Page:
The Big Picture
Amek Big By Langley Mixing Console
With Talking Recall and oodles of features, this top-end mixing desk should satisfy many private studio's needs.
Not only does Amek's Big by Langley mixing desk offer digital control and SuperTrue automation at an unprecedented price, it also boasts some innovative and surprising touches — including Talking Recall. Paul White previews Amek's most attainable professional console yet.
It's generally conceded that all-digital mixing systems will eventually replace analogue, but some current consoles effectively combine digital control with high-quality analogue audio circuitry, to produce exceptional performance at a surprisingly affordable price. The digitally-controlled-analogue Big console previewed here doesn't exactly qualify for the 'budget' price tag, but when you consider that its audio circuitry and automation system compare more than favourably with desks which, just a few years ago, cost upwards of a quarter of a million pounds or so, its £13,500 plus VAT price tag starts to look rather more appealing. Because some of the concepts embodied in the Big are genuinely innovative, and certainly interesting, we felt that it deserved a closer look — after all, how many of these features might emerge in spinoff forms on cheaper desks in the not too distant future?
Big is itself a spin-off made possible by the R&D behind Amek's Angela, Mozart, Hendrix and Einstein consoles, and utilises Amek's SuperTrue automation system, originally developed in collaboration with Steinberg. An optional hardware and software upgrade allows Virtual Dynamics (TM) to be added to each channel in the form of gates and compressor/limiters. The comparatively compact worksurface houses a fully in-line mixing console (not just the in-line monitoring, split grouping we've become so used to), while the addition of an Atari STE computer allows access to the powerful automation system that not only provides control over faders and mutes but also facilitates full recall of virtually all the console's knobs and switches, bar the PFL/AFL buttons. The recall system is similar in operation to that used by SSL, in that the controls have to be manually matched to the stored position of the controls as displayed on the Atari monitor, but as both an aid and a novelty, the recall process is accompanied by a sampled Rupert Neve directing you to each pot and switch in turn and telling you where to set it!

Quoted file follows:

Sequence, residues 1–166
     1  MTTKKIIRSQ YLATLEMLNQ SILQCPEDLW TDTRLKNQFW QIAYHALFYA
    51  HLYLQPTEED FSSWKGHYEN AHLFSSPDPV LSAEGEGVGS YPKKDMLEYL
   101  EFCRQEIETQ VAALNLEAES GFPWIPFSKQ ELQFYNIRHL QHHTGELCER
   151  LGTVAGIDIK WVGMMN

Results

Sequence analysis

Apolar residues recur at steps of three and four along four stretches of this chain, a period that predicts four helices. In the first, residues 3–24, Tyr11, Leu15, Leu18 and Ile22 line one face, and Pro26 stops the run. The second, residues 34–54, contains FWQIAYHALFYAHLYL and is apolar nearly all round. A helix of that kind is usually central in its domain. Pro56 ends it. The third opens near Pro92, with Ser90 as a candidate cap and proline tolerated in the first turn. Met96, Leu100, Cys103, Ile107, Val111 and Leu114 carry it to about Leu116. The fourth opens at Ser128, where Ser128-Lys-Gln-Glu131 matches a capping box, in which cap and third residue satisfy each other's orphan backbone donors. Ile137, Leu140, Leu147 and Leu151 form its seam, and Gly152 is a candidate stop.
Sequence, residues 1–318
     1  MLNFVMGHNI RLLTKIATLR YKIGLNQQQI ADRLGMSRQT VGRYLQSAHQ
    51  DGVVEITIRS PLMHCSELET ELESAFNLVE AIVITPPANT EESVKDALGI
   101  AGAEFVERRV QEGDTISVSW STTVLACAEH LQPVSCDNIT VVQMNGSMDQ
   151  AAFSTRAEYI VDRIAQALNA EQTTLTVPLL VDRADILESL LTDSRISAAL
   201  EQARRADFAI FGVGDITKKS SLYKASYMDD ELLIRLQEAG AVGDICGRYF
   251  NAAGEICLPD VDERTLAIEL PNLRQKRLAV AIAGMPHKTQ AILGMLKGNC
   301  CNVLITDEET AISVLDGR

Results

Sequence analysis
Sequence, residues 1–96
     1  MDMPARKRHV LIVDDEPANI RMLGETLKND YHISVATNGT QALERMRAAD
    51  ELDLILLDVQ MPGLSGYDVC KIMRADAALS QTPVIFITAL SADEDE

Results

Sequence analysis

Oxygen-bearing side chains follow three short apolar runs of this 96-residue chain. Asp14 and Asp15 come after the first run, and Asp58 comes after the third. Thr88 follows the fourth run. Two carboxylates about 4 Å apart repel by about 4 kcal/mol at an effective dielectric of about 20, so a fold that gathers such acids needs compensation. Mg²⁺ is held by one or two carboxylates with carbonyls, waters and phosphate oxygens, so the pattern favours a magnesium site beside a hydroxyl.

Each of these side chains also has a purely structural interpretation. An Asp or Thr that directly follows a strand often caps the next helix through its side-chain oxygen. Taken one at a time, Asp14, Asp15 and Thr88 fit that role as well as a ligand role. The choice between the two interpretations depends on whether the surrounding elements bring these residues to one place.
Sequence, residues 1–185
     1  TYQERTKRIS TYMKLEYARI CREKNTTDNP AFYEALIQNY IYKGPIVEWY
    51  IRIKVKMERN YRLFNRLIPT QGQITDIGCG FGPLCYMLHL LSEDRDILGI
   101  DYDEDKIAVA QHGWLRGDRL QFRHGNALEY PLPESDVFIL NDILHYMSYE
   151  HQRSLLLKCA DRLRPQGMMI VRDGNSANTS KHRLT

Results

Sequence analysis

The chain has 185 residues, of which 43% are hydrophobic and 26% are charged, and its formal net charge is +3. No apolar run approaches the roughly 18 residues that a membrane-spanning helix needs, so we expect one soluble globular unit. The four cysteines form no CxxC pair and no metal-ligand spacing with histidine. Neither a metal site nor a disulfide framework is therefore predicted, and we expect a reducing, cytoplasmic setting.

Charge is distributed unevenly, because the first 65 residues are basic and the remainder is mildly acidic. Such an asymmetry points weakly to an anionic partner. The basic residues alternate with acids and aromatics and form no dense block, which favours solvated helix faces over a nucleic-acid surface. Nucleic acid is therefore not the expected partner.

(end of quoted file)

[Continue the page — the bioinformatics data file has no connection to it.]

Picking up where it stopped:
The fact that Rupert Neve is involved in the project at all makes it worthy of interest, but the fact that Graham Langley (Amek's founder and chief designer), was once described by Rupert Neve as the most accomplished mixing systems designer alive today, means that this is no standard console, either in its layout or its circuit design.
Physically, the console is of modular construction, though only two versions are available: 28-channel and 44-channel.